Diversity and seasonal changes in carabid assemblages of a mature, secondary and plantation forest mosaic in the Zhangguangcai Mountains in northeastern China

Xiaojie Sun, Maryse Diekman, Xin Yan, Yi Zou, Weiguo Sang*, Jan Christoph Axmacher

*Corresponding author for this work

Research output: Contribution to journalArticlepeer-review

4 Citations (Scopus)


While China is promoting the re-establishment of forests across the country on a globally unprecedented scale, the biodiversity harboured by the resulting secondary and plantation forests remains poorly understood. Here, we assess the carabid diversity at Zhangguangcai Mountains in northeastern China that comprise a unique mosaic of mature forest remnants, secondary forests and forest plantations. We located pitfall traps in five distinct forest types: mature conifer and mature mixed forest, secondary mixed forest, secondary broadleaved forest dominated by birch (Betula platyphylla) and poplar (Populus davidiana), and in larch plantations. We recorded 9073 carabid beetles representing 42 species, with richness, abundance and diversity of ground beetles all peaking in secondary broadleaved forests. Assemblages sampled in larch plantations were least species rich, but species extrapolation curves indicate a potentially high overall species richness. Carabid communities were clearly differentiated according to forest type, with larch plantations and secondary broadleaved forests containing beetle assemblages distinct from the other three forest types, while the mixed secondary and mature forest types harboured similar assemblages. Carabid communities also showed a clear seasonality in all forest types, with the plantation forest communities remaining distinctly different from the clustered communities of the mature and mixed secondary forest types throughout the year. Broadleaved secondary forest assemblages occupy an intermediate position throughout the sampling season.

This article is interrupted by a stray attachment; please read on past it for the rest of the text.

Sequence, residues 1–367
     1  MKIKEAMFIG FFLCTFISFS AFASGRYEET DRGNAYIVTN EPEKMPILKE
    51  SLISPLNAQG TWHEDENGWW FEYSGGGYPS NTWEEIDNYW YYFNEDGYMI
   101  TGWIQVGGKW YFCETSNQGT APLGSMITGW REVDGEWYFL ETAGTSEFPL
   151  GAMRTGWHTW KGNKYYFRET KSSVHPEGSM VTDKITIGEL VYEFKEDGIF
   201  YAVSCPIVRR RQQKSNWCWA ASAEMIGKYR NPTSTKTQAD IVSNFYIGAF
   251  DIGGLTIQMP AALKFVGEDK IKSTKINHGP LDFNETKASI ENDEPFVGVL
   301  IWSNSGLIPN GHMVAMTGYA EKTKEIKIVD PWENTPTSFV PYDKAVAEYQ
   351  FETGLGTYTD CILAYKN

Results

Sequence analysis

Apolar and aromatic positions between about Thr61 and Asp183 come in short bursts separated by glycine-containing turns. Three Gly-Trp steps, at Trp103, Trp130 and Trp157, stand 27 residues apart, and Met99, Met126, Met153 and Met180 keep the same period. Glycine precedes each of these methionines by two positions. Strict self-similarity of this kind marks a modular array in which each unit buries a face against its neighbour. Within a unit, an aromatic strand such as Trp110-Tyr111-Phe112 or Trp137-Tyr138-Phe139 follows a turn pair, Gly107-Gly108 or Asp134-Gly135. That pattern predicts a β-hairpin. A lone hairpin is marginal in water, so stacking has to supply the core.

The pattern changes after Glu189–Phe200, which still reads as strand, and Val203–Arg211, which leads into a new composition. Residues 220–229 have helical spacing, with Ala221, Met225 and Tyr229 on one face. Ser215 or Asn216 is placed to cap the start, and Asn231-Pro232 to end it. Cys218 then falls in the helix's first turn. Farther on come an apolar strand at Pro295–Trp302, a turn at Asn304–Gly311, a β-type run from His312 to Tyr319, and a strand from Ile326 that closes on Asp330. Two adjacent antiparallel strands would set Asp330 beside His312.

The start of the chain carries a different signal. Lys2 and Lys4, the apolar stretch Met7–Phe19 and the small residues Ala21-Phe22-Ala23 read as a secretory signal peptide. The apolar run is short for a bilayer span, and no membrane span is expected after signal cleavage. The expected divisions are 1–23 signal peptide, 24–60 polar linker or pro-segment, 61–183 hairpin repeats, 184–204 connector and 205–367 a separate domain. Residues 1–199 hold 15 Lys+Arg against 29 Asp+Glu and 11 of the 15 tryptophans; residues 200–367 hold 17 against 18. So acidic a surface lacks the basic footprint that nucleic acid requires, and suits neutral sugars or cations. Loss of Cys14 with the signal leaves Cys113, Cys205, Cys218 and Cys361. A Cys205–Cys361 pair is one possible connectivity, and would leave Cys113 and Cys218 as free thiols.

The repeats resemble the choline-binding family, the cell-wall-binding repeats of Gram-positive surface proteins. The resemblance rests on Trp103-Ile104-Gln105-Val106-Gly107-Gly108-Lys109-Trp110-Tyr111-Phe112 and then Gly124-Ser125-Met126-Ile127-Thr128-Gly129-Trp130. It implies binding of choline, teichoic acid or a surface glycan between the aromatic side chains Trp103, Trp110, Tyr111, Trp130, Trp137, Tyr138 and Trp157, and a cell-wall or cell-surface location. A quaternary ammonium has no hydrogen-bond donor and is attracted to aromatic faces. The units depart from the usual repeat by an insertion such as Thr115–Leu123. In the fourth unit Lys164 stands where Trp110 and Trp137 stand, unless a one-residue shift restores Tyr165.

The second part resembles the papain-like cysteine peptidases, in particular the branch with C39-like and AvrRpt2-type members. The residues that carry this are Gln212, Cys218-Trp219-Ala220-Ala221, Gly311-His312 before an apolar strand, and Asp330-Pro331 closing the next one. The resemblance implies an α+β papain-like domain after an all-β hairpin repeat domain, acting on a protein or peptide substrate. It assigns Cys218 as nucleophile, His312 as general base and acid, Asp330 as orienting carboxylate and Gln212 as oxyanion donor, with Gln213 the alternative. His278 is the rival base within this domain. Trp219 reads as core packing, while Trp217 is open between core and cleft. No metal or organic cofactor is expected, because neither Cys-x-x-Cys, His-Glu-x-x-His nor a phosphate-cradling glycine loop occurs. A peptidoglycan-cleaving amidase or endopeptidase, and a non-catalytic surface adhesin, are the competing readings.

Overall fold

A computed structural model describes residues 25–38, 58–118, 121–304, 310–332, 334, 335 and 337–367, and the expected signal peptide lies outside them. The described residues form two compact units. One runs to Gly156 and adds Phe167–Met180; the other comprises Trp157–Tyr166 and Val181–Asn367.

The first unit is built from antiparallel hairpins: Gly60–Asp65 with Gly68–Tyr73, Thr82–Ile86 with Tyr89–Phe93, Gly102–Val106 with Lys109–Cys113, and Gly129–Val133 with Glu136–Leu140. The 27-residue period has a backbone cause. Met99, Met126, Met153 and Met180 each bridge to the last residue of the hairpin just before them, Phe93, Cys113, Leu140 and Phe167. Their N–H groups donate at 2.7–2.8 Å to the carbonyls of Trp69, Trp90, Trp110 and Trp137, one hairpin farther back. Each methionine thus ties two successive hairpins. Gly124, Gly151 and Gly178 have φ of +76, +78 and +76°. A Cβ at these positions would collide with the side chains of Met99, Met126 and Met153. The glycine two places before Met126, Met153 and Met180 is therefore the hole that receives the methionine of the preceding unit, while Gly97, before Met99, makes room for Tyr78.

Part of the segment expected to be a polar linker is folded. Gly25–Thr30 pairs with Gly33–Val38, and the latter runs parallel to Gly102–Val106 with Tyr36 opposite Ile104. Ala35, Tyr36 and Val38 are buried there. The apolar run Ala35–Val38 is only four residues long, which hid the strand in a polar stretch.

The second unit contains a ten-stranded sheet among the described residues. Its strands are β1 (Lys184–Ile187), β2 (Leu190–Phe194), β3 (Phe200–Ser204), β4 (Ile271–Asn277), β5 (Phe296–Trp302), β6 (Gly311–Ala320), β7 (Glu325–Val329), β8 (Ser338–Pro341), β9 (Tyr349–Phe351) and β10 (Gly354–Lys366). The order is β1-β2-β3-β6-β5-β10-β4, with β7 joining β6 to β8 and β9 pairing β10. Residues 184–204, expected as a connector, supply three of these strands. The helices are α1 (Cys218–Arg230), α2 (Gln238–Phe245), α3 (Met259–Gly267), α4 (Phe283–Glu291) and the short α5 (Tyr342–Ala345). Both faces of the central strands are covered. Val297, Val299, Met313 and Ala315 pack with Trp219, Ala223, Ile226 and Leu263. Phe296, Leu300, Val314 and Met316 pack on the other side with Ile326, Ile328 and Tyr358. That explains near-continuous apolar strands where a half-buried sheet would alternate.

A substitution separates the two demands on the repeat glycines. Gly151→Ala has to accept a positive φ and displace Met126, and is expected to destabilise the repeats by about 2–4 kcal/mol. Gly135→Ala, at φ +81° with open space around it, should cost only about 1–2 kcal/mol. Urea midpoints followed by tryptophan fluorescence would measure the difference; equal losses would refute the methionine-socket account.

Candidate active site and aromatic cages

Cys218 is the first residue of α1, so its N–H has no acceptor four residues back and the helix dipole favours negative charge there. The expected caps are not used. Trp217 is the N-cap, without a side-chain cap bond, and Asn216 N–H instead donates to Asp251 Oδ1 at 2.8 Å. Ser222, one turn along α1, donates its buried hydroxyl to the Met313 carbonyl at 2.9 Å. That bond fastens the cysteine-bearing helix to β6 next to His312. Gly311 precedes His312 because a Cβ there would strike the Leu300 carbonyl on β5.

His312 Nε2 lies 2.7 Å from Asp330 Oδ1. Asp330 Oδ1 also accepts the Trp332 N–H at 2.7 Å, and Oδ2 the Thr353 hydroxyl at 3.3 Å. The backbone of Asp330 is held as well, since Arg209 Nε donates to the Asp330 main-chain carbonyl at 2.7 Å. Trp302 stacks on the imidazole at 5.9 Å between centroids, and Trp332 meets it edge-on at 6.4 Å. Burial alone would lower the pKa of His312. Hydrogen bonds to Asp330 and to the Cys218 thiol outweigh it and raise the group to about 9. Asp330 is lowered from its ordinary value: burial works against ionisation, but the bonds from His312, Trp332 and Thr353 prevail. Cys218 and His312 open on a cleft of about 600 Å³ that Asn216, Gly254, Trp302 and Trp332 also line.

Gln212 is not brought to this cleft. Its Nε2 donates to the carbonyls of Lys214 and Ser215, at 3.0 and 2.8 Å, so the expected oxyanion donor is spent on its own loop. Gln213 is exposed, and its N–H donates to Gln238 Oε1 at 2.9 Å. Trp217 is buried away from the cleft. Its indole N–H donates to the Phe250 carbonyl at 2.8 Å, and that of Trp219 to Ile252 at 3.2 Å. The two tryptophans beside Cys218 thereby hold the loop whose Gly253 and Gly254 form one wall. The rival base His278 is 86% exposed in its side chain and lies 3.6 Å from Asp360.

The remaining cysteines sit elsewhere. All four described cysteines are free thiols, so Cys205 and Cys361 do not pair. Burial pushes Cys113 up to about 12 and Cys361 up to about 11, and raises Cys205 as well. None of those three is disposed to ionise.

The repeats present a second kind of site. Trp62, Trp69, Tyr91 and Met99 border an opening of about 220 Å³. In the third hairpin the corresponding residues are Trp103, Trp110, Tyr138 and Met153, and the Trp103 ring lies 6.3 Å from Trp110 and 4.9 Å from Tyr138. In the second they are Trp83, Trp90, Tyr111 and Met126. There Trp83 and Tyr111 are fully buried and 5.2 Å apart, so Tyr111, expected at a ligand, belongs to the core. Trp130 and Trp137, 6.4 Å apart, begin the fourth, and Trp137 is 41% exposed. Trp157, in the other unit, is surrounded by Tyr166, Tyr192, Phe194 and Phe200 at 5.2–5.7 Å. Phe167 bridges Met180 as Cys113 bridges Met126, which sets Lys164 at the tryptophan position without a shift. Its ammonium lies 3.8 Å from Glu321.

Original languageEnglish
Pages (from-to)340-350
Number of pages11
JournalInsect Conservation and Diversity
Issue number4
Publication statusPublished - 1 Jul 2020


  • Community structure
  • forest type
  • ground beetles
  • growing season
  • species turnover

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